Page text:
Underage DUI in Pennsylvania

Last month I wrote about motorcycle DUI (driving under the influence) penalties in Pennsylvania. If you missed it, I encourage you to read that article on DUI before you read this article.

This article is about Underage DUI, and underage drinking in general.

First, The Zero Tolerance Law

Those convicted of a DUI under the age of 21 years old (“underage”) are subject to the Commonwealth’s zero tolerance law.

The penalties:

  • Your driver’s license will be suspended for one year.
  • You will go to jail for two days to six months.
  • You will be fined up to $5,000, but at a minimum you will least $500 poorer.
  • Pay court costs.

Discouraging Underage Drinking

Woman with bike

Pennsylvania isn’t fooling around with their goal of reducing DUI accidents and deaths.

The Commonwealth is especially trying to stop the habit of DUI by enforcing tough laws for underage drinking regardless of whether you are driving (or riding a motorcycle).

In order to discourage minors from drinking at all, if you are caught drinking under 21 years old you will face these minimum penalties:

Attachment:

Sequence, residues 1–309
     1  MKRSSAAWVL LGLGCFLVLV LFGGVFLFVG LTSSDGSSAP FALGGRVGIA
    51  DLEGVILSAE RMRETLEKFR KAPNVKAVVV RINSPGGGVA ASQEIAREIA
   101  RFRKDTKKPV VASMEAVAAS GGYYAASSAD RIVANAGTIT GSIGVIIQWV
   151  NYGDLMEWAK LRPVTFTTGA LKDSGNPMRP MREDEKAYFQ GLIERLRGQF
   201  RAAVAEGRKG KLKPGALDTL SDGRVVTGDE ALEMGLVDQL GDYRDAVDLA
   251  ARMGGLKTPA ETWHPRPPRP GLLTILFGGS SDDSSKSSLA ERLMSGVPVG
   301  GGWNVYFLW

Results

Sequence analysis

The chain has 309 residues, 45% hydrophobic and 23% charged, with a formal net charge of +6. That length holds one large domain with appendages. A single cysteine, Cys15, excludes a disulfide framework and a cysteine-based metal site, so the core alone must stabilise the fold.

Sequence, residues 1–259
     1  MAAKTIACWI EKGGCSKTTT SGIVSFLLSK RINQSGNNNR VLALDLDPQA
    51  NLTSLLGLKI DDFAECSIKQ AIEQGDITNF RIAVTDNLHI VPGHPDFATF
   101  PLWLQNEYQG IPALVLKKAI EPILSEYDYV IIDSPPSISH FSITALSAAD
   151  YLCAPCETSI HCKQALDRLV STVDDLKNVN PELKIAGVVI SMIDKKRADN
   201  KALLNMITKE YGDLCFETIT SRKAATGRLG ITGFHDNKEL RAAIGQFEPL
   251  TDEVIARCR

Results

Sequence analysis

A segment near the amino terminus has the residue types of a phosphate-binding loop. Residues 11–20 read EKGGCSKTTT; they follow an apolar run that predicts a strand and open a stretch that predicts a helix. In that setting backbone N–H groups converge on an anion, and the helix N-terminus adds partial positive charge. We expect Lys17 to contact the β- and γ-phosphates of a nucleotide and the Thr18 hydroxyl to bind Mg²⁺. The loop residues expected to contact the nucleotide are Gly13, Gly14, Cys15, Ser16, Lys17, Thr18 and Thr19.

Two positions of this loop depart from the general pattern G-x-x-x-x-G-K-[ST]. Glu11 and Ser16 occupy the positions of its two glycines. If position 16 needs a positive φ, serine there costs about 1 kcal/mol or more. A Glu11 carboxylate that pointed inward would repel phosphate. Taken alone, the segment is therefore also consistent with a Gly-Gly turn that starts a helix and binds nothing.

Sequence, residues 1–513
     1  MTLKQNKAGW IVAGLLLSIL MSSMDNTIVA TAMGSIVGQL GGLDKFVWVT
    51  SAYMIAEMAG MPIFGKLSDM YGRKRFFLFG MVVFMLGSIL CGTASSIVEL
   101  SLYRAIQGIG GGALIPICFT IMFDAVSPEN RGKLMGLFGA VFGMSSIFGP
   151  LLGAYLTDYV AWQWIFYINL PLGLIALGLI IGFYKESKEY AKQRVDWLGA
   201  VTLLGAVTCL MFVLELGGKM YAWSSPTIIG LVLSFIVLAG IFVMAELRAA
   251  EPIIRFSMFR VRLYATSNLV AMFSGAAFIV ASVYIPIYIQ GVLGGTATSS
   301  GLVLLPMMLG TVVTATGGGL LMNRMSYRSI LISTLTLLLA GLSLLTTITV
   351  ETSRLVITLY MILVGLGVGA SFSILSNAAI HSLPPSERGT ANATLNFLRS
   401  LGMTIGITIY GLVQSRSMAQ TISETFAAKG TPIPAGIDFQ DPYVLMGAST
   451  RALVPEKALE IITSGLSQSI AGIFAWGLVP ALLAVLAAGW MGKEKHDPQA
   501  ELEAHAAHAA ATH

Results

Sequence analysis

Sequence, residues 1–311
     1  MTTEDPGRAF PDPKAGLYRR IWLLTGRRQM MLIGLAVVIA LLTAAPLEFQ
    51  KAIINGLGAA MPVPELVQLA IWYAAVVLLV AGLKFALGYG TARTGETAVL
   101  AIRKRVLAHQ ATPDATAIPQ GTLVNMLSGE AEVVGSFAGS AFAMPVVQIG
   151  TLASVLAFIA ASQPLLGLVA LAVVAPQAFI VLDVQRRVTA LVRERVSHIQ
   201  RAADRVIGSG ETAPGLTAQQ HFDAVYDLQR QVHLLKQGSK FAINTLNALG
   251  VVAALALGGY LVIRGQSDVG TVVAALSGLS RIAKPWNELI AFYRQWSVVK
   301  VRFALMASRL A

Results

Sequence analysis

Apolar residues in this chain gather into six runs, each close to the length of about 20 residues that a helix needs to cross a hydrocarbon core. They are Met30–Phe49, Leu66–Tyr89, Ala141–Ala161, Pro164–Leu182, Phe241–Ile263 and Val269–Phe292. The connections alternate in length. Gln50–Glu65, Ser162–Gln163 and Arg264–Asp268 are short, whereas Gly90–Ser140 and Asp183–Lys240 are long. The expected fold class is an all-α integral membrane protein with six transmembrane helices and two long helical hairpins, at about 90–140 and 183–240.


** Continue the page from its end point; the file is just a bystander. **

A $500 fine, payment of court costs, and driver’s license suspension.

Driver’s license suspension for underage drinking:

  • First offense suspension of 90 days.
  • Second offense suspension 1 year.
  • Third and any subsequent offense: 2 years each time.

What if you don’t have a driver’s license?

If you have not gotten your driver’s license before the time you are charged with underage drinking, the Commonwealth will not allow you to apply for a license until the above noted time period has expired.

Drinking and Riding

Thinking about taking a chance because you won’t be in a populated area? Regardless of the chances of getting caught based on location, it is a bad idea to ride a motorcycle while intoxicated.

Impaired judgement is a major cause of motorcycle accidents.

Any accident you have will cost you out-of-pocket for expenses such as medical bills, lost wages, and bike repair because no insurance company will pay once they discover you were under the influence at the time of your accident.

No motorcycle accident attorney will be able to help you with a settlement.

If you have any questions about motorcycle laws, please call me, Pennsylvania motorcycle accident lawyer Lee Gaber. 1-888-292-5352 (that’s 888-cycle-law).

Also, if you ride a motorcycle in Pennsylvania, please bookmark my home page or contact page now, in case you ever get into a motorcycle accident. Anyone involved in a bike accident should call a lawyer before they talk to an insurance representative.

Also, please consider entering my information into your phone contacts under Motorcycle Accident”. That way it will be easier to contact me should you ever need my services.

Have a safe and happy Independence Day!

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